Dissensus - Ranciere

RELATED TERMS: Agon; Agonism and avant-gardism; Politics and the political; Distribution of the sensible; Avant-garde movements; Modernism and avant-garde art practice; Narrative environment design; Defamiliarisation, Ostranenie or making strange; Method and methodology

Narrative environment designs may be said to be a form of dissensus, or “a dissensual re-configuration of the common experience of the sensible,” in the words of Jacques Ranciere (2010: 140) Thinking of narrative environments as dissensual permits consideration of the regimes of sense-making that are aligned, albeit non-correspondingly, with the material and symbolic arrangement of the environment. Such alignments and mis-alignments provoke thought as the participants seek to make sense of their perceptions and to act or respond appropriately, properly or improperly, obediently of disobediently to the particular form of agonistic struggle presented and represented. To show the relevance of the notion of dissensus for narrative environment design, we have to examine how Ranciere uses the term.

For Ranciere (2010: 139), dissensus designates a specific type of conflict between sense, as sensory perception, and sense, as intellectual understanding, a particular kind of agonistic struggle between a sensory presentation and a way of making sense of it, or between several sensory regimes and/or ‘bodies’. In this way, dissensus can be said to reside at the heart of politics because, fundamentally, politics itself consists in an activity that redraws the frame within which common objects are determined.

Politics, in Ranciere’s terms, is that activity which breaks with the order of ‘the police’, as he calls it, by inventing new subjects, Ranciere The police, in turn, is that distribution of the sensible in which the effectuation of the common of the community is identified with the effectuation of the properties, both resemblances and differences, that characterize bodies and their modes of aggregation. The police order structures perceptual space in terms of places, functions, aptitudes, and so on, to the exclusion of any supplement.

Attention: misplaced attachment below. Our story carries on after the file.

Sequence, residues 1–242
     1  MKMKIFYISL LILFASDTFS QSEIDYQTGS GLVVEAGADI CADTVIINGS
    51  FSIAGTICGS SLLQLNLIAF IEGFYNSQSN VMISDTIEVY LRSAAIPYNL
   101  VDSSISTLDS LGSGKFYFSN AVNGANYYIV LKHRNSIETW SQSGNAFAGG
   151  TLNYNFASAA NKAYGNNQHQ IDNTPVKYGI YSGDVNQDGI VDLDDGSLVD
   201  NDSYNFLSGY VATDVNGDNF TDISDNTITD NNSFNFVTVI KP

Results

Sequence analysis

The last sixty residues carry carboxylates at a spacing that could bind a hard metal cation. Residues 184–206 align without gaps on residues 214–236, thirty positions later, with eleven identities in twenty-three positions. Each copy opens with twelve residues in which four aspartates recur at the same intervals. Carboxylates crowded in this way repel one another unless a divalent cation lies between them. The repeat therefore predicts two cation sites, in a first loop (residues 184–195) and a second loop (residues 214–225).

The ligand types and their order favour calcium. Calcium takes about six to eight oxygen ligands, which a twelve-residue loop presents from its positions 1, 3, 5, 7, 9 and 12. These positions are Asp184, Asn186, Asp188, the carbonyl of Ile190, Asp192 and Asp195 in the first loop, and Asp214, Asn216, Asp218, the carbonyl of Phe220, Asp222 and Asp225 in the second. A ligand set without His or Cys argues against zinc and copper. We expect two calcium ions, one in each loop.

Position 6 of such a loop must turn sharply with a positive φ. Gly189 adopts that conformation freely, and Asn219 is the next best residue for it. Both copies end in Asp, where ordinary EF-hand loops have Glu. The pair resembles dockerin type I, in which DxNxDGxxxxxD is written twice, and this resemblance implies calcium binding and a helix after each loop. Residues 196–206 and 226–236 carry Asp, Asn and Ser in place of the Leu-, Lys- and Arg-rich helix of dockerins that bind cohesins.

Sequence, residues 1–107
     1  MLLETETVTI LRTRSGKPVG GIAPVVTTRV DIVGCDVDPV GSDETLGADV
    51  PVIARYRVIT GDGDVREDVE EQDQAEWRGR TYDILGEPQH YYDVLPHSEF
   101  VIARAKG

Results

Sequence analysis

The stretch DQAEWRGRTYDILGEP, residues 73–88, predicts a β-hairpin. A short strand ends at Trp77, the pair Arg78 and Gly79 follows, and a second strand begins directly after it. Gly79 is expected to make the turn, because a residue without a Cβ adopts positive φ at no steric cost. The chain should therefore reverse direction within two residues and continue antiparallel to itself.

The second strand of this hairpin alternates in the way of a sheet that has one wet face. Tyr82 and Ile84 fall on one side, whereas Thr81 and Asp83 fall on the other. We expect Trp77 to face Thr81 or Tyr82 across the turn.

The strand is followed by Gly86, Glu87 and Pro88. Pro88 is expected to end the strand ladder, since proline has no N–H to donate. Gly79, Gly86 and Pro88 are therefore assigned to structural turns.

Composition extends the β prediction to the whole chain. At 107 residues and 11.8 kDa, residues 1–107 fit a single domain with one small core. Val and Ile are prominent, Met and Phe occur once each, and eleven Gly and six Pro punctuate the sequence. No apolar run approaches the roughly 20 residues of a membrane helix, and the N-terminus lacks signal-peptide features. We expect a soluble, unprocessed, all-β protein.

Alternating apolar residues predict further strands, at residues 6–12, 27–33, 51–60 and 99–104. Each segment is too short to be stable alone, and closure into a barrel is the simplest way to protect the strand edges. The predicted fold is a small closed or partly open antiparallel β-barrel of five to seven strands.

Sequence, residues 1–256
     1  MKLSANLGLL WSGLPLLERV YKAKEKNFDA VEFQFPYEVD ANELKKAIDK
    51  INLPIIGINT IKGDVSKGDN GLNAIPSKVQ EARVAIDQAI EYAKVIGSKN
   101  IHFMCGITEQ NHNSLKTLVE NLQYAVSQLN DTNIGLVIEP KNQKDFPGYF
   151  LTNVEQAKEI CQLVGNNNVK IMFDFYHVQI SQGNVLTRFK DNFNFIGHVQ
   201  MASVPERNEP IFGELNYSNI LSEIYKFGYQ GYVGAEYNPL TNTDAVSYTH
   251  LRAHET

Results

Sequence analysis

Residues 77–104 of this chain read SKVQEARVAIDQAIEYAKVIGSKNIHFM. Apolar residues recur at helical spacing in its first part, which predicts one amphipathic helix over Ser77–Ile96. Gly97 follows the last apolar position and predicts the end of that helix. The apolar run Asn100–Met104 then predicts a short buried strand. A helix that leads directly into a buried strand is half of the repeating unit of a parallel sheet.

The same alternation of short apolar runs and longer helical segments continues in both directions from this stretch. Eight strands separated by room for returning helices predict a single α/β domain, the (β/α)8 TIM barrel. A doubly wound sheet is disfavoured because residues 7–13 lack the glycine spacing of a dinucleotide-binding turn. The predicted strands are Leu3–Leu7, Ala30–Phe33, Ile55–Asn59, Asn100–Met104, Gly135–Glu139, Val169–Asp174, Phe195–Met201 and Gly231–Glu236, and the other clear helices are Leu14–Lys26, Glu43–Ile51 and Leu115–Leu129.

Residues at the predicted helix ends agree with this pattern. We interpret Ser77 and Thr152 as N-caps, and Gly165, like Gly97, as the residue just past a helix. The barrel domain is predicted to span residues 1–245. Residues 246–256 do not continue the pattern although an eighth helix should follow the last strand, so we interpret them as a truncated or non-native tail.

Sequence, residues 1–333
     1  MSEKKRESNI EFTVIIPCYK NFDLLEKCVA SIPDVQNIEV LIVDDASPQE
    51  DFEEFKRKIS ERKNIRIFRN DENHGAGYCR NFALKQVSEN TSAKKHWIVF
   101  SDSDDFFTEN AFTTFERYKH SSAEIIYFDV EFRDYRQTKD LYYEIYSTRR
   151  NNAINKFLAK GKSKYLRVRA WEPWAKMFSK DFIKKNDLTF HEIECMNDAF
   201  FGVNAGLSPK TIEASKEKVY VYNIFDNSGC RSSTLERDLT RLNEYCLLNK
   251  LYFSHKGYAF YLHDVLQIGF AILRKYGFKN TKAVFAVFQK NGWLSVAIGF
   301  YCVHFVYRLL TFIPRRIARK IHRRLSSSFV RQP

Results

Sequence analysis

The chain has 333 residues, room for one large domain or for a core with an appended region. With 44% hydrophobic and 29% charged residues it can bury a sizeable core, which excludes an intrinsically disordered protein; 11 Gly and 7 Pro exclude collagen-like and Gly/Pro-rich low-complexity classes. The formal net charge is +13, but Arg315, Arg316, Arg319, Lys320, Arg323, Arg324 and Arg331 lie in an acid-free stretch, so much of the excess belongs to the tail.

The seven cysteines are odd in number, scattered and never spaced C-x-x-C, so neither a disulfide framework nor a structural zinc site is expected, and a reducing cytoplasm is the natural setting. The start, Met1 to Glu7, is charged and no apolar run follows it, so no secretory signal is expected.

Politics, in contrast, consists in the set of acts that effectuate a supplementary ‘property’, a property that is biologically and anthropologically unlocatable, the equality of speaking beings. This property exists in addition to every bios. There are two contrasting structurations of the common world: one that knows only of bios, from transmission through bloodlines to the regulation of population flows; and one that empowers artifices of equality, that is, forms enacted by political subjects which re-figure the common of a ‘given world’. Such subjects do not affirm another type of life but configure a different world-in-common (Ranciere, 2010: 92).

Politics, thus, invents new forms of collective enunciation. It re-frames the given by inventing new ways of making sense of the sensible, new configurations between the visible and the invisible, and between the audible and the inaudible, new distributions of space and time, in short, new bodily capacities (Ranciere, 2010: 139).

“Politics creates a new form: “dissensual ‘commonsense’” (Ranciere, 2010: 139).

If there exists a connection between art and politics, Ranciere argues, it should be cast in terms of dissensus, the very kernel of the aesthetic regime: artworks can produce effects of dissensus precisely because they neither give explicit lessons, they are not explicitly pedagogical, nor have any destination, no single final outcome or product (Ranciere, 2010: 140). This insight is extended to design, which, it is argued, is equally capable of performing dissensually, of pitting one regime of sense against another in a way that causes the participant to pause and think.


Ranciere, J. (2004). The Politics of aesthetics: the distribution of the sensible. London, UK: Continuum.

Ranciere, J. (2010) Dissensus: on politics and aesthetics. Translated by S. Corcoran. London, UK: Continuum.